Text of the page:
America’s pharmaceutical companies, as they are quick to point out, deserve big profits and robust patent protection because they invent drugs that save lives and enrich the quality of life.

Consider Pfizer Inc. In its glory days, which weren’t so long ago, it contributed Lipitor, the blockbuster cholesterol drug, and Viagra, the best-known erectile dysfunction pill. It’s been a long time since Pfizer had a hit.

Now Pfizer is back, announcing plans to merge with Allergan, makers of Botox, which does business from New Jersey but technically is headquartered in Ireland. Pfizer is pretending that Allergan is the lead dog in this $160 billion deal, so Pfizer can pretend that it, too, is an Irish-based company and pay taxes at Ireland’s 12.5 percent rate instead of being subject to the nominal U.S. rate of 35 percent.

In fact, few U.S. companies pay anywhere near 35 percent in federal taxes. The average, according to the Government Accountability Office, is 12.6 percent. Corporate pleaders have been very successful over the past five decades in arguing that their tax burden is too high. As a percentage of gross domestic product, corporate taxes have dropped from 7.2 percent to 1.3 percent since the mid-1970s.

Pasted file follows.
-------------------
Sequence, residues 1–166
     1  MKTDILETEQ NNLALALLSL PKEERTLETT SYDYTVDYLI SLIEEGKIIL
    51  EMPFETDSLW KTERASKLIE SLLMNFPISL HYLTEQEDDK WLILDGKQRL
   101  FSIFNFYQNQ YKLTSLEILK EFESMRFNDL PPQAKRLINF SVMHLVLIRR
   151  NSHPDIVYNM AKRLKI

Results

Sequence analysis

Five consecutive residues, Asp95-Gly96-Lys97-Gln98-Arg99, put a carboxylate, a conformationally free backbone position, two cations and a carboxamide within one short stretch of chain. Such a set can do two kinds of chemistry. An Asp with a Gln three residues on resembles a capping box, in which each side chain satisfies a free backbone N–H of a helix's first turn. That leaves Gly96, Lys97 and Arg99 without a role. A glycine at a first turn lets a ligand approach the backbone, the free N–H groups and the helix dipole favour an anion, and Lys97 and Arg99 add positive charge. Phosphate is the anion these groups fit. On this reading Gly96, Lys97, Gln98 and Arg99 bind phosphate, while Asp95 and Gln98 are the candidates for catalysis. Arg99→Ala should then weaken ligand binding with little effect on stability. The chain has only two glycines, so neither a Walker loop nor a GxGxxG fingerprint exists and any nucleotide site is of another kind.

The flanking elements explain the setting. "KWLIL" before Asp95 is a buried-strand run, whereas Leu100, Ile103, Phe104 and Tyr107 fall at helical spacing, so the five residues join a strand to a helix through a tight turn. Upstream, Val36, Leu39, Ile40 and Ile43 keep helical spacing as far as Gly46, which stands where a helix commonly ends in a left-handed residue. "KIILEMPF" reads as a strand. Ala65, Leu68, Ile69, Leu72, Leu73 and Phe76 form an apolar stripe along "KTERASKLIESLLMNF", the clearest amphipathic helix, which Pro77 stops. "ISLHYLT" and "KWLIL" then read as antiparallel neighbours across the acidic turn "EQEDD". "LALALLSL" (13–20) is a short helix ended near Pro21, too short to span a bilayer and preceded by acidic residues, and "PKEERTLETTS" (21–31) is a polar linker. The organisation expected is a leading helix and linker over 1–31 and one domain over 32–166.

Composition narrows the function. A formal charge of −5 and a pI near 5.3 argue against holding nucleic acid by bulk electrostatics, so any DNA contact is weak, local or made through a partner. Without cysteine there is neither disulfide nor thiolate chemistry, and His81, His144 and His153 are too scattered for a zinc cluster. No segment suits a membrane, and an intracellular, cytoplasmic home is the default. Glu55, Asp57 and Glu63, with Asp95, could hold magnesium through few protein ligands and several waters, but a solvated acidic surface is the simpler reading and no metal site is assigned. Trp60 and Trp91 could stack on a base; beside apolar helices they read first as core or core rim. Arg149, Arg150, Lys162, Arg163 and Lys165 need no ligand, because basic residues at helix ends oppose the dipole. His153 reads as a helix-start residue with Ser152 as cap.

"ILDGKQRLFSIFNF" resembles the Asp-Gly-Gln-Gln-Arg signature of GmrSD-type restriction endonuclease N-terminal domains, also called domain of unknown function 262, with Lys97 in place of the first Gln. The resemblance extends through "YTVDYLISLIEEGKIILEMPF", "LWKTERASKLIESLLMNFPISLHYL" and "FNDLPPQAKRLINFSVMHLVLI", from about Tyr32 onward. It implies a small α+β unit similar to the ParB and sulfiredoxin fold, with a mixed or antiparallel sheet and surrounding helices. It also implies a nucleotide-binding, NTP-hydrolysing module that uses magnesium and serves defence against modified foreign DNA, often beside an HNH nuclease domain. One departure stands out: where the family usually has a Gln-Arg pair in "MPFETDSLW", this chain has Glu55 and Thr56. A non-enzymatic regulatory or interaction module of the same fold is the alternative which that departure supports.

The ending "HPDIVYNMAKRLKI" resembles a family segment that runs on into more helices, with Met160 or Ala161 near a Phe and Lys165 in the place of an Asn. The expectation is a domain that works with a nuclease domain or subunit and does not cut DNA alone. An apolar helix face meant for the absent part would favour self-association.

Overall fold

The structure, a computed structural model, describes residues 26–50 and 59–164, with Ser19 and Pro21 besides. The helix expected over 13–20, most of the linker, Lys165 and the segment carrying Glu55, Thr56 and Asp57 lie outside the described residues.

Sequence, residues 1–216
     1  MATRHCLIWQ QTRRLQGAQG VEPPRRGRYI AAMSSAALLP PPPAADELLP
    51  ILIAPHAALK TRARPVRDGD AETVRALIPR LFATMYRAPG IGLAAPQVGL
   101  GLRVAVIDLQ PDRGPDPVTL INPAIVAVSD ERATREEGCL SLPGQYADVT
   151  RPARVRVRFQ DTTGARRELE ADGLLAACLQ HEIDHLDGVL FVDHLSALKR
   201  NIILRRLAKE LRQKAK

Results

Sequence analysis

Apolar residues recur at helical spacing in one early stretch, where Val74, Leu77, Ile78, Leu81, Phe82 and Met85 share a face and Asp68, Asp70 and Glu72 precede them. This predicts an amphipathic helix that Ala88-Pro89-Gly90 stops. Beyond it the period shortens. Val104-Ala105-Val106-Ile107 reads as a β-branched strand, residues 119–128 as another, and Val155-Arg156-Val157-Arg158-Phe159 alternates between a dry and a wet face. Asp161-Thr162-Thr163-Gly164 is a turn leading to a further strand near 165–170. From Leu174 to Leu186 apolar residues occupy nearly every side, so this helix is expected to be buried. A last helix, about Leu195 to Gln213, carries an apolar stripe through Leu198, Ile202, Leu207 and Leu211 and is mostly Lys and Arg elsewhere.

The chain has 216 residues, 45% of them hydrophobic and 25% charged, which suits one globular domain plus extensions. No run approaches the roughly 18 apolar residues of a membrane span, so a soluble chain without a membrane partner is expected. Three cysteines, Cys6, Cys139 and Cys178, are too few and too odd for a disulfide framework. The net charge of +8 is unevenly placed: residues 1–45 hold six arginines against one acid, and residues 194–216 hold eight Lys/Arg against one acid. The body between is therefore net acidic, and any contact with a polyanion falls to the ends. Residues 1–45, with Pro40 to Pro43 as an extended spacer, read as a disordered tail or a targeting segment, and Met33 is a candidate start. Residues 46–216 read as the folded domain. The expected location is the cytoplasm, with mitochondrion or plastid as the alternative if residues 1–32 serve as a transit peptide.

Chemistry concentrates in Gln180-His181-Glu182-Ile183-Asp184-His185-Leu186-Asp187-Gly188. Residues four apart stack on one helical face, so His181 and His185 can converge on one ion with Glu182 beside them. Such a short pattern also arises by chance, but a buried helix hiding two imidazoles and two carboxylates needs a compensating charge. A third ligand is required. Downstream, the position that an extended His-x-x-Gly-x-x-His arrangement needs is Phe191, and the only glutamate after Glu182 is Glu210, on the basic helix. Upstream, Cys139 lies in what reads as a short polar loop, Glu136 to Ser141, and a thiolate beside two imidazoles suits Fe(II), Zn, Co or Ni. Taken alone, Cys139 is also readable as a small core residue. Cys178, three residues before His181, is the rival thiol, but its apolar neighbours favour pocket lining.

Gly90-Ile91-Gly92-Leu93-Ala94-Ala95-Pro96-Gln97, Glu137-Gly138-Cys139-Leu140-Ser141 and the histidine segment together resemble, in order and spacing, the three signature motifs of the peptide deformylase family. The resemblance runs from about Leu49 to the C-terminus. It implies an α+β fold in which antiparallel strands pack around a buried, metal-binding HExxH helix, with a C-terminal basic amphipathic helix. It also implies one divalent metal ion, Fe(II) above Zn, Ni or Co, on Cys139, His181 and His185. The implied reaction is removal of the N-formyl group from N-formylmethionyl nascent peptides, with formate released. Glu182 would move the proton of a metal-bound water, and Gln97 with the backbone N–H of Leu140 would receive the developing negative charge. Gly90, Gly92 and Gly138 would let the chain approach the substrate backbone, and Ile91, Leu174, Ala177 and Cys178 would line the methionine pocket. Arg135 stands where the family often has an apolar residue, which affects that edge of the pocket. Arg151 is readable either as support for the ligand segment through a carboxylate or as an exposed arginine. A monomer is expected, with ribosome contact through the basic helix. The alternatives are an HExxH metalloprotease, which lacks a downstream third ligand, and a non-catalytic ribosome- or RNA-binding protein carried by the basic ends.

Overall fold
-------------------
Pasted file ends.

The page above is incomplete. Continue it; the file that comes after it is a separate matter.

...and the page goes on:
This is part of what makes corporate inversions so despicable. These companies were built with the help of the same U.S. taxpayers whom companies like Pfizer now propose to stiff. The National Institutes of Health underwrite a lot of drug company research. University researchers, paid or subsidized by tax dollars, contribute to the cause.

Patent laws protect their corporate intellectual property, and the civil side of the federal court system does little but arbitrate corporate disputes. And then there’s subsidized public and private education, transportation and other infrastructure and countless other forms of citizen obligations that taxes pay for.

And now Pfizer wants to pretend to be Irish?

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